Properly utilizing the strengths of your team members is not hard at all. All it takes is a little observation. Although some just have that intuition and can figure out a person’s personality and characteristics after just a short conversation, most need a little more help. If you’re not gifted at reading people, I suggest taking an inventory of team members’ strengths at the start of a new project. If you don’t already know them, ask them what they’re good at. It’s simple, direct and effective. The question may be a little off-putting for some, but in the end, I’ve found that it generally has a positive effect—it makes people think that you care about them, and generally, they respond better because of that. Whether you actually care about them or not... well, that’s up to you.
In addition to taking advantage of your team’s strengths, you should try not to coddle their weaknesses. Ideally, by working with you, people should become better than they were before. Of course, this is easier said than done. In the hustle and rush of meeting deadlines and such, it’s rather difficult to find time and space to cultivate peoples' weaknesses. It is the hallmark of a masterful team leader to be at once a manager and a teacher.

4. Emotional Management

My fourth tip is definitely the hardest to master. In group work, the sailing is very rarely smooth throughout. Some people are lazy, some are overbearing. Some have conflicting ideas. Some just straight-up don’t like each other. And, lucky for you, as group manager, you get to deal with all of this. Let me start out by saying that managing emotions well is very difficult. I definitely haven’t mastered it yet. But from what I’ve learned and experienced, as a manager, the best course to take is that of the diplomat. You want to negotiate, to compromise, to placate. Make everyone in the group as happy as you possibly can get them, because you run the risk of impaired group productivity when half of your team isn’t speaking to the other half.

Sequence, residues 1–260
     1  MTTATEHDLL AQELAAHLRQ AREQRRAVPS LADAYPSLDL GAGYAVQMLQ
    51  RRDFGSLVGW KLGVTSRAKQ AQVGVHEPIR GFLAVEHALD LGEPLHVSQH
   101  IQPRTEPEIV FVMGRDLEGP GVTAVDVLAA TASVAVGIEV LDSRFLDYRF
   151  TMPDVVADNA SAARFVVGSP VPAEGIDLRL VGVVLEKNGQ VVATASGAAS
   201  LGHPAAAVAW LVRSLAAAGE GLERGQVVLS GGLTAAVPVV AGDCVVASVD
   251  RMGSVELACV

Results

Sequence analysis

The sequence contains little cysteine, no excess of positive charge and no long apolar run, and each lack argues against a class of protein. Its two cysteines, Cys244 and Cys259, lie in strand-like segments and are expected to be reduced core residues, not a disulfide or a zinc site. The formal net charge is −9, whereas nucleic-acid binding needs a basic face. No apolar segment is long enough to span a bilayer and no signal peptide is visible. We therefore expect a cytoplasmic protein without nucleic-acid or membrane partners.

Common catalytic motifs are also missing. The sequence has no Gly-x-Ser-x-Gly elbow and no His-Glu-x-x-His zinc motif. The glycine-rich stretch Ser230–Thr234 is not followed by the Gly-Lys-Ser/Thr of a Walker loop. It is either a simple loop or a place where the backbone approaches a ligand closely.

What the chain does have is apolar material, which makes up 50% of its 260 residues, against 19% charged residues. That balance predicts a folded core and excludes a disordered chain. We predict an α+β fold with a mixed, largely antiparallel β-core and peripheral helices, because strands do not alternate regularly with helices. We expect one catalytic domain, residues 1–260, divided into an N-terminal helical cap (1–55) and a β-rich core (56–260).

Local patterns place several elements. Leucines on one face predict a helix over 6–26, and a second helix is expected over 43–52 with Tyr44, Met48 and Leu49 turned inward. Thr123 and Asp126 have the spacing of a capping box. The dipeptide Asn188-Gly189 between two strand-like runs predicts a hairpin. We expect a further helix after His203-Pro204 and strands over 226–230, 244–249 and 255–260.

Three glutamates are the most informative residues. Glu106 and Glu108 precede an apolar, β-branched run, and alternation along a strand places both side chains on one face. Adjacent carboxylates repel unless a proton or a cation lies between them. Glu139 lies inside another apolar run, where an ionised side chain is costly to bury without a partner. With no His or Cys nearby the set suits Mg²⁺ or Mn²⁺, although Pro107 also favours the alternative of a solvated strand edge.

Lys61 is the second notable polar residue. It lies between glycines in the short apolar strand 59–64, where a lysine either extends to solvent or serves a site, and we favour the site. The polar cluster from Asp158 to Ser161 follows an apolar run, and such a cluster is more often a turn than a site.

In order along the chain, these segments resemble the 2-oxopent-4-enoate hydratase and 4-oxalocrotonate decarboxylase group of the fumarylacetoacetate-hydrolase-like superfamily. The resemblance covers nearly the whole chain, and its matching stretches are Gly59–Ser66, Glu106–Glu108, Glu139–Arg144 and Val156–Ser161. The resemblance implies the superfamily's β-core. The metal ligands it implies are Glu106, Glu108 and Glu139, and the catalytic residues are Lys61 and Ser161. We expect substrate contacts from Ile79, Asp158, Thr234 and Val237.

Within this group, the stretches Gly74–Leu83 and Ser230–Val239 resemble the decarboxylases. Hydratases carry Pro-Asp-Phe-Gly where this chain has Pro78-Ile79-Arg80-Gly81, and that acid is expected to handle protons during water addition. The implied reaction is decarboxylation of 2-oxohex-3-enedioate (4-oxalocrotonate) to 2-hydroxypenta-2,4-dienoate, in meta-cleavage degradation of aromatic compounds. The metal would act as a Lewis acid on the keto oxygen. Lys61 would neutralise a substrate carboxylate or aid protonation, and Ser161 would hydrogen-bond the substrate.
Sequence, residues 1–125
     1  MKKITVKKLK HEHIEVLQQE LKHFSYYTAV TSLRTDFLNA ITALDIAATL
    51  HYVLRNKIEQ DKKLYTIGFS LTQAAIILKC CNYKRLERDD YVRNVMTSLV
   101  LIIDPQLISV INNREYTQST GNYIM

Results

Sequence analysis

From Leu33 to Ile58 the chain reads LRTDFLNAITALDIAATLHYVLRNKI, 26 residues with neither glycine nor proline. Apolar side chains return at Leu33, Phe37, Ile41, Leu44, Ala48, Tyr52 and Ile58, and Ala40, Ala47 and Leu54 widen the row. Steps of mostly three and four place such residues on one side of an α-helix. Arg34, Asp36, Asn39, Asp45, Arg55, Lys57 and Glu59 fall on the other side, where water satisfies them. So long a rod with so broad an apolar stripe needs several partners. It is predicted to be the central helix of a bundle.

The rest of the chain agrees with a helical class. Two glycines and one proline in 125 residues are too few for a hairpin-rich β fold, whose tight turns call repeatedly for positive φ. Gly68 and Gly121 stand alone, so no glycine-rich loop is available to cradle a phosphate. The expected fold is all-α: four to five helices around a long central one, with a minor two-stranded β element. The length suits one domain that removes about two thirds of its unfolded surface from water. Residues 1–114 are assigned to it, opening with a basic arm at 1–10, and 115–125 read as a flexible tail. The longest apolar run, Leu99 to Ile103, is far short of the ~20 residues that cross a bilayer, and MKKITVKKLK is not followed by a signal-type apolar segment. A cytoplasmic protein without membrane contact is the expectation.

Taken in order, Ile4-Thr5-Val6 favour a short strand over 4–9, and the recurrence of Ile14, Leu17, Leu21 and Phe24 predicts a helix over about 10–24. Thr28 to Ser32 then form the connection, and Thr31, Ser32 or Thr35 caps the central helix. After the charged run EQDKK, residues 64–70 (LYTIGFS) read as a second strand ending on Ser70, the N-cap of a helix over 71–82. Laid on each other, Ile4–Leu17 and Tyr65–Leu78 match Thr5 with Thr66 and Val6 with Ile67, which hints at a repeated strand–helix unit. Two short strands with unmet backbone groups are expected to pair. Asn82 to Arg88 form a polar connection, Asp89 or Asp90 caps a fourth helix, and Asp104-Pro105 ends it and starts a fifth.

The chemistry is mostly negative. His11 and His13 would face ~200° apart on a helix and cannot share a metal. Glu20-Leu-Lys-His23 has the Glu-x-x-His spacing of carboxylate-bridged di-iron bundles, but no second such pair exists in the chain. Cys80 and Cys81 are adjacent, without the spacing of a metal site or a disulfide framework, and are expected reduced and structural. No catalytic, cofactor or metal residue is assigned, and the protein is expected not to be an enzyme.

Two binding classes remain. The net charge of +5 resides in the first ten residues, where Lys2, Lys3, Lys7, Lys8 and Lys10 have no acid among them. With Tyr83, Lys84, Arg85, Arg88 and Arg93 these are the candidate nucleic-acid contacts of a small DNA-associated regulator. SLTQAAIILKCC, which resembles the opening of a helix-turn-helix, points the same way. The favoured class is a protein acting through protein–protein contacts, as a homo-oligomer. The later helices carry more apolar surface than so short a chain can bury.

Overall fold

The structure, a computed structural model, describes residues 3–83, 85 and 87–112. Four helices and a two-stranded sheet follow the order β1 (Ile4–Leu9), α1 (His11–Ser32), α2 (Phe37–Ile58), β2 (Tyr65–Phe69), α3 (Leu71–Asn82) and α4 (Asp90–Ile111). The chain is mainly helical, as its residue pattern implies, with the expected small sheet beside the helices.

One very important thing to note is that you shouldn’t be afraid of conflict, because it will happen. Instead, recognize it, accept it, and work to resolve it. To this purpose, I’d like to expound upon the values of the open dialogue. Before you start running for the hills, hear me out. They really work. Often, if you give someone a chance to vent their bottled-up frustration, they calm down a lot; if they get an apology from the one that caused their grievance, nine times out of ten all will be forgiven and their relationship will be stronger than before. But nothing will happen if you don’t initiate. Many people are too shy to confront others out of the blue; by setting up a dialogue, you’re creating an environment where it’s easier for your teammates to express their feelings.
If you`re going to be managing your teammates` emotions, it logically follows that you must control your own. It’s fine to be angry, frustrated or tired, and it’s fine to express what you`re feeling... in a constructive way. You don’t have to keep all your feelings bottled up for the group’s sake, but blowing up on one of your teammates is probably not a good idea either. Find the happy medium is all I can say—I can`t tell you how to best manage your feelings.

Effective team management is a nebulous thing at best. There are many different aspects of your behaviour to consider, many different personal styles of management, and hours and hours of practice involved. I’ve put down some tips that I think will serve you well regardless of the way that you go about team management. I’m definitely not a grandmaster of team managing, but I I’ve had a decent amount of experience, and hopefully, I’ve passed some of my experience on to you.


MATTHEW HO (his friends call him Matt) was an intrepid Impact in-office intern (i.e., a Four-I's) along with Pretty, William, Imran and Wendy in August 2008. Outside of his office life, and in addition to saving the world by night, he is heading into grade 12 (as of August 2008) at Sir Winston Churchill Secondary in Vancouver, taking IB (which is and always will be much better in all aspects than AP ;). His other interests (when he has time to indulge in them) include sports, music, student government. He also is a Shad Carleton 2008 alumus.

Image courtesy of user "zappowbang" at via Creative Commons License.